If you want a horse to do some harness work with and ride there are other options. Having read this far, you’re probably wondering when I’m going to get to the “best-kept secret” part. Here it is.
“Where can I find a horse that the kids can ride safely, drive in a harness around the farm and to town to get the groceries?” you ask? Don’t look further than a Standardbred. I highly recommend the Standardbred to first-time horse owners and anyone wanting a genuinely versatile all-rounder. Standardbreds are harness racers. They are also athletes, but their temperament is usually not as “hot” as that of the Thoroughbred. Sadly, too many Standies end up as dog-food when they finish racing, because of silly prejudice. But talk to any horseman and most will admit to having owned or known a Standardbred that they adored.
The average “Standie” off the track is cheap or free, he’s harness broken, if not saddle broken. He’s usually seen races, crowds, been transported all over the country, had all sorts of gear flapping around him, been shod etc. many times, jogged many miles per day as part of his training and if he comes out at the end of all that physically sound, (which a large number of them do), not much will worry him. Thoroughbreds are bred to go fast with a jockey on top. Standardbreds race with a gig attached and more horses and gigs around them, which means they have to be sensible and controllable.
Standardbreds are cheap, but many of them are laterally gaited, efficient at covering ground and comfortable to ride. Fashion is only just catching up to them. You have a choice of the laterally gaited or “conventional” model in the Standardbred.
Not all Standies are gaited. Some are “square gaiters” which means they walk, trot and canter rather than pace. Some race as pacers wearing hopples, but don’t gait naturally under saddle. Some are “free-leggers” and prefer to pace or gait laterally. To dispel a myth about Standardbreds; even the “free-leggers” can learn to canter well under saddle.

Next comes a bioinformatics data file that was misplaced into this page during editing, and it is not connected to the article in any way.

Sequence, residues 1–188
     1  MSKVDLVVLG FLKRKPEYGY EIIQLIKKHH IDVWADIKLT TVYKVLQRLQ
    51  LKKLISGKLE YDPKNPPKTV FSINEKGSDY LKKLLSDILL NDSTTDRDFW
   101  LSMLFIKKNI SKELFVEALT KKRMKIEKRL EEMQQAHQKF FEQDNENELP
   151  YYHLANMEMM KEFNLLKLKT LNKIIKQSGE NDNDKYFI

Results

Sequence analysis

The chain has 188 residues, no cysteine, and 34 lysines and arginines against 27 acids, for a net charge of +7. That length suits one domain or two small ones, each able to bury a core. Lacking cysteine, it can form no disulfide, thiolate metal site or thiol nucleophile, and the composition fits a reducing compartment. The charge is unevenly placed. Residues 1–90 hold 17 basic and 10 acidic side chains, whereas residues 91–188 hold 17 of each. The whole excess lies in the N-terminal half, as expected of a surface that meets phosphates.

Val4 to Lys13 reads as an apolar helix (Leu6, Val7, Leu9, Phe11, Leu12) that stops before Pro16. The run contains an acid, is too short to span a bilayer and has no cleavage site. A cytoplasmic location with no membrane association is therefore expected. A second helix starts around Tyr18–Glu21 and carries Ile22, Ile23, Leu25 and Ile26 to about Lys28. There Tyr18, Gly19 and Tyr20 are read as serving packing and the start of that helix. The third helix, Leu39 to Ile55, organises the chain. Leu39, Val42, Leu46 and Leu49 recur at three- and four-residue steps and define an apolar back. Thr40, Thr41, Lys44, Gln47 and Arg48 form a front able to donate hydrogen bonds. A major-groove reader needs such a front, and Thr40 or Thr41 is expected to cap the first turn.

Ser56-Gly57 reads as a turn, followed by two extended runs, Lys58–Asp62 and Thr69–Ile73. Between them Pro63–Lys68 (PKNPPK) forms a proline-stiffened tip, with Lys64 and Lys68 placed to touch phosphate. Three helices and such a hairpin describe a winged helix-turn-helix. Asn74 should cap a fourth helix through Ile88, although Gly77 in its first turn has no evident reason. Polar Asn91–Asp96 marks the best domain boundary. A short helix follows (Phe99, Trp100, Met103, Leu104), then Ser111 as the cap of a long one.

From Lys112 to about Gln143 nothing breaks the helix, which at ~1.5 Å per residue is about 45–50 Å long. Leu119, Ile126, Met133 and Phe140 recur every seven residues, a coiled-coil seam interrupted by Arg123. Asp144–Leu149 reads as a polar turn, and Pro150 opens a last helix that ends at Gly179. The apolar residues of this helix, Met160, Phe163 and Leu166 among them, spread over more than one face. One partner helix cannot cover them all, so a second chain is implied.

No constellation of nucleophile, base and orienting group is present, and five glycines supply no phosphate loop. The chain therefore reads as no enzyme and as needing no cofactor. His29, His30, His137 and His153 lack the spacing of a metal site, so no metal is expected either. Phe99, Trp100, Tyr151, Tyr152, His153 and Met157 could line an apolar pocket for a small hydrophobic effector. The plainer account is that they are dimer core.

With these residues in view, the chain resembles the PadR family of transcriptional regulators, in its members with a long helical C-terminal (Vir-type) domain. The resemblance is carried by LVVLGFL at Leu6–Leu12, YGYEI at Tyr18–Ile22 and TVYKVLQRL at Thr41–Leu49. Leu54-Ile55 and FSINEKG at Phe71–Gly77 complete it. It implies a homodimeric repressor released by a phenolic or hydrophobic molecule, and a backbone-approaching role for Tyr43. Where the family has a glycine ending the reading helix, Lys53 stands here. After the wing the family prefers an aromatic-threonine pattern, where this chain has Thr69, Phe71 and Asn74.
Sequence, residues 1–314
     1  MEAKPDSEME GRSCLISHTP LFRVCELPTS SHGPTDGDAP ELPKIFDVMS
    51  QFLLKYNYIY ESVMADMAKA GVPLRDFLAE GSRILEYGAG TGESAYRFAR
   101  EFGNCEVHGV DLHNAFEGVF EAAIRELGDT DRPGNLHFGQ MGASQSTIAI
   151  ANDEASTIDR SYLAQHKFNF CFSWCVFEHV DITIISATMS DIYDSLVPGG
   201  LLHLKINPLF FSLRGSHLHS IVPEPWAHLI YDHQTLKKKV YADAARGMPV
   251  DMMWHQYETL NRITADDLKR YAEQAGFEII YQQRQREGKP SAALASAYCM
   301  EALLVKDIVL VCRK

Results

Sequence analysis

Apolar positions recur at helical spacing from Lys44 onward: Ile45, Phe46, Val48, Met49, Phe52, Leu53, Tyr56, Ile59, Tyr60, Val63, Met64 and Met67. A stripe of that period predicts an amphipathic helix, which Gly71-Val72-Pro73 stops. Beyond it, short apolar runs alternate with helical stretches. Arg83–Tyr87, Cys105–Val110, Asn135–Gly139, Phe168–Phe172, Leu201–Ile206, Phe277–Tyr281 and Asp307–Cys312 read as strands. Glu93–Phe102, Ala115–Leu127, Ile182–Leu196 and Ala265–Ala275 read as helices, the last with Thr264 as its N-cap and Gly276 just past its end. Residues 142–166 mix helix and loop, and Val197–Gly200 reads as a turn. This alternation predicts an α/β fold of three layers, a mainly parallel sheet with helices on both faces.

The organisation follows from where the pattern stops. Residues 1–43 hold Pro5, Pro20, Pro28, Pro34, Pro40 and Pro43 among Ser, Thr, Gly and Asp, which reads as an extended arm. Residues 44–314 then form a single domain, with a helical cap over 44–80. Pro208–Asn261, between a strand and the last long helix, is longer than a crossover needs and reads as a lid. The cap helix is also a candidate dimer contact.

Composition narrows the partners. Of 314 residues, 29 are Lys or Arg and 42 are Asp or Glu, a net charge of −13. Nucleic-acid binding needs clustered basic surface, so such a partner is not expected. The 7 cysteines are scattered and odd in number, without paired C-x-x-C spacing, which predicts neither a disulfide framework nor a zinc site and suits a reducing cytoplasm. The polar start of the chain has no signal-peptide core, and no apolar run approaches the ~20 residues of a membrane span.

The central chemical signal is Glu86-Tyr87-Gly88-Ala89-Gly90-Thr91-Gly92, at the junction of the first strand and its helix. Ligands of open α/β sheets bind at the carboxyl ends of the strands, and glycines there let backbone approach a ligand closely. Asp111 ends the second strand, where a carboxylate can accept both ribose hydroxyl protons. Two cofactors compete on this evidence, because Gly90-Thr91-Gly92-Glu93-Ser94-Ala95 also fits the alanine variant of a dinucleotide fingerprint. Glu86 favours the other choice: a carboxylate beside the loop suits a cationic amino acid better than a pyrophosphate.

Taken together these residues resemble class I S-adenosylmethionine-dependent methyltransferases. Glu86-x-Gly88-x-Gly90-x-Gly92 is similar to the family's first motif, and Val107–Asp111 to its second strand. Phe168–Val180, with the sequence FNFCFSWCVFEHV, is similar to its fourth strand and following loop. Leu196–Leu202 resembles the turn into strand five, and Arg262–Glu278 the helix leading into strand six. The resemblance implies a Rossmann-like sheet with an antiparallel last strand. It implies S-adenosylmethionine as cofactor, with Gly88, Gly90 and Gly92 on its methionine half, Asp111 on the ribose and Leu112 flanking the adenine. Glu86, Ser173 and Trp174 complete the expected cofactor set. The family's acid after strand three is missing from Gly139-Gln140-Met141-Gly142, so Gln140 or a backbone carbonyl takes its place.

My Standardbred “Australian gaited horses” are much in demand for novice riders or people who need a gentle ride. I joke that the riders of the Peruvian Pesos (gaited horses) carry a glass of wine on their hats, but the Australian Standardbred rider can carry a schooner of beer on their akubra! That’s a joke: please don’t EVER get on any horse without wearing a sound helmet which is approved to the current appropriate safety standard!
The horses that have the intelligence, athleticism and sound conformation to make a top harness racer are the ones that contribute to the gene pool. So Standardbreds are sane, sensible, slower reacting than a Thoroughbred, an athlete that’s been bred to take the physical pounding that is harness racing and what’s even better, they’re affectionate and lovable! With any breed there are exceptions, but in over 25 years around them, I’m yet to meet a Standardbred that’s truly “flighty” compared to some of the “Terrorbreds” I’ve known.
People are now discovering just how great Standardbreds can be. There are societies in Australia and the US that list horses and find homes for them. The Standardbred Pleasure and Performance Horse Association adopts horses out after racing. Or go down to your local track and ask around. Someone will always know of a good horse that needs a home. The horses that trainers like best and take the time to find homes for are usually the ones that make good family horses.